Merck’s Immune System-Based Cancer Drug Works in 1 in 4
Merck & Co. (MRK)’s experimental cancer drug that uses the immune system to target tumors triggered a response in about a quarter of lung cancer patients, according to preliminary results of an early study.
In a trial of 38 patients with non-small cell lung cancer, 24 percent had an immune-system response to the drug, called MK-3475 and previously known as lambrolizumab, Merck said today in a statement. Using a measure of whether their tumors shrank, 21 percent responded, the Whitehouse Station, New Jersey-based company said.
Merck, the second-biggest U.S. drugmaker, today announced it would fire 8,500 workers and revise its drug development effort to focus on research programs such as MK-3475. The therapy, among a new generation of cancer medicines seeking to harness the body’s immune system, is being studied in seven different clinical trials including 3,000 patients with a variety of tumor types. It has been given a breakthrough designation by U.S. regulators, which means its approval could be sped up as it moves into late-stage trials.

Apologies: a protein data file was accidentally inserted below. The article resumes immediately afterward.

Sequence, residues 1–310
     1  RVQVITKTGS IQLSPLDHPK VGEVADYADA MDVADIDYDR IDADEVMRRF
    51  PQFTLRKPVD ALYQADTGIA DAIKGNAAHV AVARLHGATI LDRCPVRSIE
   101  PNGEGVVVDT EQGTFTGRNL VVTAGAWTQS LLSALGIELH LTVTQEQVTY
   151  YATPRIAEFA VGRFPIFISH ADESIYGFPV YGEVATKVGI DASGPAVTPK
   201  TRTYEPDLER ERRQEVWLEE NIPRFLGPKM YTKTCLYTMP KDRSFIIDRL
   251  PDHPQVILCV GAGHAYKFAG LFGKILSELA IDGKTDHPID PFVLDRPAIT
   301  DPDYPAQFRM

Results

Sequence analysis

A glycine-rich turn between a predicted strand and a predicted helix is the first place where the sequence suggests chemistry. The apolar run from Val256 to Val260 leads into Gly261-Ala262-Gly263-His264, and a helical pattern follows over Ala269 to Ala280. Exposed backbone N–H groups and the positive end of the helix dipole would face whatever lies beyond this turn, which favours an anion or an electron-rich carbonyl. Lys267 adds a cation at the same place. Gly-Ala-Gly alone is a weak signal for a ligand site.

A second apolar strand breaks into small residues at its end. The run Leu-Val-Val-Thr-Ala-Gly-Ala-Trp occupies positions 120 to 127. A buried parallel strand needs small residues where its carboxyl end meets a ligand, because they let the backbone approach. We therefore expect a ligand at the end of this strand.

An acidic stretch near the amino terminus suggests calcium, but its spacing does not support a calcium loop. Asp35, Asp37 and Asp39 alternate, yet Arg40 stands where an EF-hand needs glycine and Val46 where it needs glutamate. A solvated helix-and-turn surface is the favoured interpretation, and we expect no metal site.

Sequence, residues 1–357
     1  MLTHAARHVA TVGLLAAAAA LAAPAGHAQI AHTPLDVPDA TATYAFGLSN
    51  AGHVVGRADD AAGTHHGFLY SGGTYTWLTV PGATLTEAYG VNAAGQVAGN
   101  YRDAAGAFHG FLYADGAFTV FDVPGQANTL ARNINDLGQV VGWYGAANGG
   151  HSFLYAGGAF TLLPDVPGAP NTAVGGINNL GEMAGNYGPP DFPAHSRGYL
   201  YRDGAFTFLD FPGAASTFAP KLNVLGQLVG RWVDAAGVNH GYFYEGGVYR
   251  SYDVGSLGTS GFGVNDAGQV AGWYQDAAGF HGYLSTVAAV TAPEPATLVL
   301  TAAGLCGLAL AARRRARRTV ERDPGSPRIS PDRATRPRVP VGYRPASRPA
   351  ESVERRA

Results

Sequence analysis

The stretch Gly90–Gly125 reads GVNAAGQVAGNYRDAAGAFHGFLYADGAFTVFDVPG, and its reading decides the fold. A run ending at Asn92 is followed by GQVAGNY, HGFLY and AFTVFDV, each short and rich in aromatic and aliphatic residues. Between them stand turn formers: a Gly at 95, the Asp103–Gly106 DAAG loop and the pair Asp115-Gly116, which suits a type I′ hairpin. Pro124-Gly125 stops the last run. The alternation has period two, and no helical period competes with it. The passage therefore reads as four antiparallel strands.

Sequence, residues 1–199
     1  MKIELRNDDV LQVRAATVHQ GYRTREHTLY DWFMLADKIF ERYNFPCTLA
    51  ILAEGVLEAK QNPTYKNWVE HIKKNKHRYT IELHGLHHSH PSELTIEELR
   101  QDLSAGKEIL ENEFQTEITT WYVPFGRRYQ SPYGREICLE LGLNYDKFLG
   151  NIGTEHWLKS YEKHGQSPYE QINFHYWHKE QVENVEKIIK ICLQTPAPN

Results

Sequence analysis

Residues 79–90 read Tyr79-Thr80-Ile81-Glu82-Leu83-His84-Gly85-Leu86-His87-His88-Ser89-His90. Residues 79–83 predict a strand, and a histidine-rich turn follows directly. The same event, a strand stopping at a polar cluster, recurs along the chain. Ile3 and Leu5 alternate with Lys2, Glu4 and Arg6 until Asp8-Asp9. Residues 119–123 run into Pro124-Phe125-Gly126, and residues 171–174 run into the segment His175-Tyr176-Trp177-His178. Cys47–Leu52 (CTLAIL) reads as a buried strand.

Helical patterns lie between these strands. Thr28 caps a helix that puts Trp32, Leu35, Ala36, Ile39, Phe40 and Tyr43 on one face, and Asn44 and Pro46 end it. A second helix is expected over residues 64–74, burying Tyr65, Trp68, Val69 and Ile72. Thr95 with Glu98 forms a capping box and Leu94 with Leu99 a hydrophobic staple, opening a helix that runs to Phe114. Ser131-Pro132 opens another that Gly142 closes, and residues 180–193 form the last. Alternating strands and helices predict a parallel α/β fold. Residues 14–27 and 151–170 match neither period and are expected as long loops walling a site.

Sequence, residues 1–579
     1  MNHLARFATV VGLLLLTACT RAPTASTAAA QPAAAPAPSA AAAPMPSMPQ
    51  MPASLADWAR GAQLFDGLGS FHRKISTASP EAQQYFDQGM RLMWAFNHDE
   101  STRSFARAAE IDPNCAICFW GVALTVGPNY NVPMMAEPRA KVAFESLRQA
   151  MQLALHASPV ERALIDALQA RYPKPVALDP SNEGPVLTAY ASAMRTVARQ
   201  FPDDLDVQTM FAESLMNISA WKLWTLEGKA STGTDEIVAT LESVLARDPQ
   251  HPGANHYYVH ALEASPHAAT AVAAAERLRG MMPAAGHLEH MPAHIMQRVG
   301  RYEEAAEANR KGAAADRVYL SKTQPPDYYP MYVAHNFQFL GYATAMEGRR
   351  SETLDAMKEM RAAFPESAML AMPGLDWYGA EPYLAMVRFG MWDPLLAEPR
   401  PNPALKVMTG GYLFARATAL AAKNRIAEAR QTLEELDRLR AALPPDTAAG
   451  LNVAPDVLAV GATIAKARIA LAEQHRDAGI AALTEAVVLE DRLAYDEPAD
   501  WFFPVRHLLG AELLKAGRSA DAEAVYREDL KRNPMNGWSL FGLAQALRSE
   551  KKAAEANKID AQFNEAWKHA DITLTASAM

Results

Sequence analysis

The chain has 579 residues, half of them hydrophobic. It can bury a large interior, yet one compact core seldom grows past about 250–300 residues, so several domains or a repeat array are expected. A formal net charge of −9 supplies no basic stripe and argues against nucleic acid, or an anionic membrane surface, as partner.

“These early data in lung cancer patients were the basis for Merck’s decision to rapidly advance MK-3475 into a Phase II/III clinical trial,” Eric Rubin, vice president of oncology at Merck, said in a statement.
Merck is competing to get the treatment to market as rivals also push ahead with immune system-based therapies. Bristol-Myers Squibb Co. (BMY)’s nivolumab is in final stages of testing, and Roche Holding AG (ROG), the world’s biggest maker of cancer treatments, is also developing a immune-system drug.
Merck shares rose 2.4 percent to $48.74 at 4 p.m. New York time.
The most-common side effects in the 38-person study were fatigue, rash and itching in 16 percent of patients, and diarrhea in 13 percent, Merck said in the statement. One person developed a pulmonary edema, or too much fluid in the lungs, the company said.
MK-3475 belongs to a class of therapies called anti-PD-1 drugs. The medicines turn back on the body’s ability to recognize cancer cells as a threat, taking the brakes off the immune system and spurring T-cells kill the cancer.
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